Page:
Early inhabitants of Southern California left behind artifacts that provide insight into their societies. These artifacts survived for millennia, but the encroachment of modern society escalated the destruction of known sites. In 1947 archaeologists at the Southwest Museum in Los Angeles founded the Archaeological Survey Association of Southern California to locate and explore sites and to record information on those sites before that information was lost forever. On the title page of the spring-summer 1988 issue of the ASA Journal the association’s mission was defined:
"…to promote the preservation and conservation of archaeological material; to assist in the scientific archaeological survey of Southern California; to engage in salvage work of sites in danger of being destroyed; to aid museums, universities and other accredited institutions interested in archaeological investigations and research; and to promote public understanding of and appreciation for archaeology."
Professional and amateur archaeologists joined the association and worked together to document the region’s history.
Petroglyph of big horn sheep,
the image is being destroyed
ASA archaeologists work at
Ancient man left petroglyphs, modern man left trash.
Charley Howe (1897-1989) joined the Archaeological Survey Association of Southern California in 1948. Professionally he was a shop owner; but he had a passion for archaeology. He would hang a sign on the door of his shop and head into the desert with other ASA members. He participated in surveying sites and he documented the association’s work through photography.
Charles Howe authored occasional paper number 11, "A Prehistory of Black Canyon" for the ASA. Art Robbins wrote the introduction in which he describes the survey of "Inscription Canyon." Charley Howe's interest in the site sparked exploration by a few archaeologists, students, and photographers. The reports from that small group led to a prospecting trip in which 100 people began a survey of the area. The information gleaned by that pilot survey convinced archaeologist Dee Simpson of the Southwest Museum that it was an important site that warranted an in-depth survey. The Southwest Museum and the San Bernardino County Museum sponsored the survey which was conducted by the ASA. Robbins describes the importance of the survey results:
"This led to work which is still going on of the uncovering of the past history of Man, a life work, spreading through- out the Mojave Desert. The true date of the beginning of Man's occupation is still in question. Each time someone in this research reaches a conclusion of an age of an area and material, greater finds show up, moving the date of residence in a given area back much further."
Charles Howe's leadership, imagination, and passion for archaeology led to collaborations with other ASA members. They created inventions for excavating sites and documenting findings. Charles Howe and Clyde Price utilized parts from a Sears refrigerator in a device designed to sift the dirt during site excavations. Charles Howe and Clifton Clouse developed a method to capture multiple views of an object in one photograph. Charles Howe worked with artist Charles LaMonk to create a painting tool so that LaMonk could paint reproductions of the rock art found by the ASA. (Remember that, at this time, there was no color photography.) Charles Howe led many association digs and served as the association's field chairman for seven years. He was elected ASA president in 1970. In 1976 the association honored Charles Clayton Howe and at the celebration, Chizomana Ishii, ASA past-president and niece of Hopi Chief Sekakuku, delivered a poem that she'd written for the occasion. In it she lauded the strength, integrity, and compassion of Charley Howe who, in her words, was:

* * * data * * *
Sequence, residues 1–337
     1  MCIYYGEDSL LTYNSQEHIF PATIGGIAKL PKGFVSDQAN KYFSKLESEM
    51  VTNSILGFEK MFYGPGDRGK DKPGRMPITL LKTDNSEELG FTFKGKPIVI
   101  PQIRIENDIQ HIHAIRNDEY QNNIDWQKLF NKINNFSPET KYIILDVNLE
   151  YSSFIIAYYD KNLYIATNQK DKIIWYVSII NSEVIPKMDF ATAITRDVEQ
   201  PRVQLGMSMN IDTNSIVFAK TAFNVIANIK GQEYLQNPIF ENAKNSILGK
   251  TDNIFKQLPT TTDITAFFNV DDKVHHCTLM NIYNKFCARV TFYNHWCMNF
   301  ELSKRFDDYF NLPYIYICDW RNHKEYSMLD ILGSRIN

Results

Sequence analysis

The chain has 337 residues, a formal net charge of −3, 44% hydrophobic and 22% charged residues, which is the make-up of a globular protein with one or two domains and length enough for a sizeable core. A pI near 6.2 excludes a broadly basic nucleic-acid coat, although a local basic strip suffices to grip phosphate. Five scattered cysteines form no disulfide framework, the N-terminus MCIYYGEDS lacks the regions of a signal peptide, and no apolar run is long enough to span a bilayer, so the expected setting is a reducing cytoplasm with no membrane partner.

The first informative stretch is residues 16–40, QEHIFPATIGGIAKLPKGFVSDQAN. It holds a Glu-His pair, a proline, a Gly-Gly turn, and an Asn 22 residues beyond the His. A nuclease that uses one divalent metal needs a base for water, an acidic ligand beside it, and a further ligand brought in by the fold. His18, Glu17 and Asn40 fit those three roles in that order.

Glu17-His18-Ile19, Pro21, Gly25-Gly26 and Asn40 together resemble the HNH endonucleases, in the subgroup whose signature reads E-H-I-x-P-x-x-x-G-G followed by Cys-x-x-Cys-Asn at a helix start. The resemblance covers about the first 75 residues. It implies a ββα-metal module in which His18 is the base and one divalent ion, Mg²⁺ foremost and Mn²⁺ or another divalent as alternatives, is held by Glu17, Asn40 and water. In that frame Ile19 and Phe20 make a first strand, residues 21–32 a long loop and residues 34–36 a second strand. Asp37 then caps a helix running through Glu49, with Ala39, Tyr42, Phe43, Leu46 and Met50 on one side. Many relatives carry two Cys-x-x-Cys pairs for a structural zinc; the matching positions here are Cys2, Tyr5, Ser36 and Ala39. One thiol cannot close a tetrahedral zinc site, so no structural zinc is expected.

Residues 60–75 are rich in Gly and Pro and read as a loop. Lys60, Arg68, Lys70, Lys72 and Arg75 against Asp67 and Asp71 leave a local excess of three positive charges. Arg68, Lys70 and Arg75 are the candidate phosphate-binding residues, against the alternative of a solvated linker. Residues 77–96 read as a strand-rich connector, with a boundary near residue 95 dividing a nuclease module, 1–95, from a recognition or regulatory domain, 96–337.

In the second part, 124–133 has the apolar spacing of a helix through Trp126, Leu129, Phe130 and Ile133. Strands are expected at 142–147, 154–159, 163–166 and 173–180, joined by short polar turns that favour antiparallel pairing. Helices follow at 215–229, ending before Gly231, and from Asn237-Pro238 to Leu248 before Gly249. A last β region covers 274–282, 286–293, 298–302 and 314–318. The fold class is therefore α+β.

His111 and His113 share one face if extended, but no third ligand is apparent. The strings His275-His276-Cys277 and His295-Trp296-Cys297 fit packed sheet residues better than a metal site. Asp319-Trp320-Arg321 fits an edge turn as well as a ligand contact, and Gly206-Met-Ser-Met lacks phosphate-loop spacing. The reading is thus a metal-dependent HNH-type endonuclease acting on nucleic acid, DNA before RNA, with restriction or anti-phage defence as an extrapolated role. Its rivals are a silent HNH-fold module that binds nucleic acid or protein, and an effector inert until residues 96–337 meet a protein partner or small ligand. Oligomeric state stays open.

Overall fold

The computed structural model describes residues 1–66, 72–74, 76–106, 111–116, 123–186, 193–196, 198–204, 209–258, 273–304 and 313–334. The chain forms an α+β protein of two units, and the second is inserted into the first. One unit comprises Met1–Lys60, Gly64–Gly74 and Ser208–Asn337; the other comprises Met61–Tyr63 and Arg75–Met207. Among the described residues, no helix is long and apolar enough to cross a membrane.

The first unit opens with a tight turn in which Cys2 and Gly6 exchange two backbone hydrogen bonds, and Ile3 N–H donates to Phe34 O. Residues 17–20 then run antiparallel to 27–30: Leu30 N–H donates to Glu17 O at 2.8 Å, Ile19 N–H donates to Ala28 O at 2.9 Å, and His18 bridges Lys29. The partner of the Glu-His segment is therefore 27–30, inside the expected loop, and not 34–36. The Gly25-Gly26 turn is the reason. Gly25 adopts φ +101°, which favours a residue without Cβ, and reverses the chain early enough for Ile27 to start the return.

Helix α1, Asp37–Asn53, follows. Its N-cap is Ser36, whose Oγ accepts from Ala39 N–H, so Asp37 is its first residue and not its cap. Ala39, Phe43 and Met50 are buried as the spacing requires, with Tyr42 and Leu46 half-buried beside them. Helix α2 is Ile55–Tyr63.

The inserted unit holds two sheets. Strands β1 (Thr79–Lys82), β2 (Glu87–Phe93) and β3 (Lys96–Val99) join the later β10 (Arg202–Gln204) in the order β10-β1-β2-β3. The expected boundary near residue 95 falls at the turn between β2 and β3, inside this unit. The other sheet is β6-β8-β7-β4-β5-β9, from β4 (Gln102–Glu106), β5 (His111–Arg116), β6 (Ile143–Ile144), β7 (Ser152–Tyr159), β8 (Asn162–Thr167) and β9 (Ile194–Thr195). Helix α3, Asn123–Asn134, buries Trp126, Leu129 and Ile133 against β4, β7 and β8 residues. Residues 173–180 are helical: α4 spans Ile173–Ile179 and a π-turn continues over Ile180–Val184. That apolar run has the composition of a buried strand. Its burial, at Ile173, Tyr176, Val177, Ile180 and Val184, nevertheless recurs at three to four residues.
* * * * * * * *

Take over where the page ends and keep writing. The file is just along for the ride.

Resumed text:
". . . filled with kindness and understanding Seldom found in these days of great demanding. Few know and comprehend the desert as he, Who has been the shining example for all to see . . ."
In July 2008, the Archaeological Survey Association of Southern California, Inc. donated the Charley (Clayton) Howe Collection to Pfau Library. The Howe Collection chronicles the Association's archaeological digs from 1947-72 in Southern California and Mexico through photographs taken by ASA member Charley Howe.
Charles Clayton Howe photographed every aspect of the work at the archaeological sites on which he worked. The collection includes photographs of artifacts, archaeologists, and petroglyphs and pictographs. The images of rock art as it was half a century ago are particularly valuable since there has been significant deterioration of many of the sites since they were photographed. In many cases the image captured in Charles Howe's photograph is more complete than the present-day petroglyph at the site.
The Archaeological Survey Association of Southern California funded the preservation and restoration of the photographs. Association members Rebecca Miller and Rosalind Srivastava preserved and restored the images, and created finding aids for the collection. Rosalind Srivastava digitized the images.